Our bowl served with chili, mung-beans, and rice on the side was yummy. The price starts at 27,500 rupiahs. We could quickly have eaten a separate bowl, which left us looking somewhat suspiciously in the MSG branding around the bowl’s lip! Famous throughout the day, and with a central place, this is a simple one to test. Besides, they possess an air-con part of the restaurant–convenient if you struggle with the warmth. If you don’t want beef, they also have a range of poultry dishes and bakso.
Fancy a fish feast? Go to Seafood Sobo on Jalan Kepiting, where this cheery and fresh orange painted warung dishes up not just seafood, but poultry, duck, and veggie dishes from an extensive menu. Seafood is cooked Chinese style with a wide choice of sauces, be wary when you order, some foods are a portion, and others by weight and be clear as to which you desire. We “unintentionally” ordered a kilo of black pepper crab (24,000 rupiahs per 100g), also had a small surprise once we received the bill, but it was yummy.
We also tried the ayam taliwang, a hot finger-licking barbecued chicken at 35,000 rupiahs. And also, pungent udang pete belacan, prawns with stinky beans cooked and shrimp paste at 48,000 rupiahs, a feast. The service is far from brisk, and we had to wait a few times for our food, but the staff are friendly enough and talk a little English. Unfortunately, they don’t serve beer that would have gone well but do provide various juices. Should you purchase the jus timun–a cucumber juice as we did, you might like to request it!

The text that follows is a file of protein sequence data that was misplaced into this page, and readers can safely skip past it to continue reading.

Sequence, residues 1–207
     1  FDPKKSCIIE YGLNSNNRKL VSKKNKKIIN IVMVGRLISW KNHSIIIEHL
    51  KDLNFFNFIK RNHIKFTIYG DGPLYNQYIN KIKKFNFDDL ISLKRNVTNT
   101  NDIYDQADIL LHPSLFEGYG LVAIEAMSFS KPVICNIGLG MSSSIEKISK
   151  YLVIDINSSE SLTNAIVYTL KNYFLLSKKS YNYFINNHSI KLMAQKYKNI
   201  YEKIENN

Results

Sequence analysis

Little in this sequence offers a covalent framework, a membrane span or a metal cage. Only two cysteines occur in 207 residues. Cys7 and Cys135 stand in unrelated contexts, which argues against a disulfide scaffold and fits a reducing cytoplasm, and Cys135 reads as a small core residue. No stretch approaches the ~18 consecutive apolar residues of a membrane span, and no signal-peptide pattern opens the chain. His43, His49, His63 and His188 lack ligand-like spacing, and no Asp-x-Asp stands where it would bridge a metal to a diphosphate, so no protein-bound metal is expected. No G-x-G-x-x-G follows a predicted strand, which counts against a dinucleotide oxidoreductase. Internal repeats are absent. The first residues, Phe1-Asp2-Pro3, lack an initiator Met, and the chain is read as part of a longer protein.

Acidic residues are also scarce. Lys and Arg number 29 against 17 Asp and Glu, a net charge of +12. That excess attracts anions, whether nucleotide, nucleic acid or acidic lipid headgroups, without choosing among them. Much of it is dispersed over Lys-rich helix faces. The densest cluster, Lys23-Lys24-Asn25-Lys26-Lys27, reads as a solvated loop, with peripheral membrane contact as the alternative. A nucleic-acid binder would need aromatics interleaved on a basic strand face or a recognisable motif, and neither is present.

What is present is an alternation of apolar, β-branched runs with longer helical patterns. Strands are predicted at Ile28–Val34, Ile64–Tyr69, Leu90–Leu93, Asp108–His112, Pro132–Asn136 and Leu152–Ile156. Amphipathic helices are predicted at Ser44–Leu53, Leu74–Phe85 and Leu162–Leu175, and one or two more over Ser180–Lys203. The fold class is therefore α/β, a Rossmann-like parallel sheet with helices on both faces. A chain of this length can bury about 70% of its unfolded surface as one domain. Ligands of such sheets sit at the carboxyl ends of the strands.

Along the same road, we ventured into Warung Kepiting, a comparable fish place. However, the decor here’s a bit more downmarket. Expect barbecue fish and other fish standards and, of course, kepiting (crab). As you drift from 1 fish establishment to another, grab a coffee to pick you up. Cute and cozy SAE Coffee is located in between both of these places on Jalan Kepiting.
Vacation is more than just food; it’s also about making long-lasting memories. Discover more about Banyuwangi by visiting Wonderful Indonesia.